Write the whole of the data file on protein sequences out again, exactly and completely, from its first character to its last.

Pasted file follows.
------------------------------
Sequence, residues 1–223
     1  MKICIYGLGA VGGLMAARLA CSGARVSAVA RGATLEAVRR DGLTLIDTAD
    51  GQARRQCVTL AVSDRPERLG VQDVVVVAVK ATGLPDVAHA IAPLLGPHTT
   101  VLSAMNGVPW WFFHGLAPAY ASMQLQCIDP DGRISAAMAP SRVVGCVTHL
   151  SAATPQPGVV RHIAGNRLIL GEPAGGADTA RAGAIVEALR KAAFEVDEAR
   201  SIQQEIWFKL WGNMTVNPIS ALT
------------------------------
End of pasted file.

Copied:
Sequence, residues 1–223
     1  MKICIYGLGA VGGLMAARLA CSGARVSAVA RGATLEAVRR DGLTLIDTAD
    51  GQARRQCVTL AVSDRPERLG VQDVVVVAVK ATGLPDVAHA IAPLLGPHTT
   101  VLSAMNGVPW WFFHGLAPAY ASMQLQCIDP DGRISAAMAP SRVVGCVTHL
   151  SAATPQPGVV RHIAGNRLIL GEPAGGADTA RAGAIVEALR KAAFEVDEAR
   201  SIQQEIWFKL WGNMTVNPIS ALT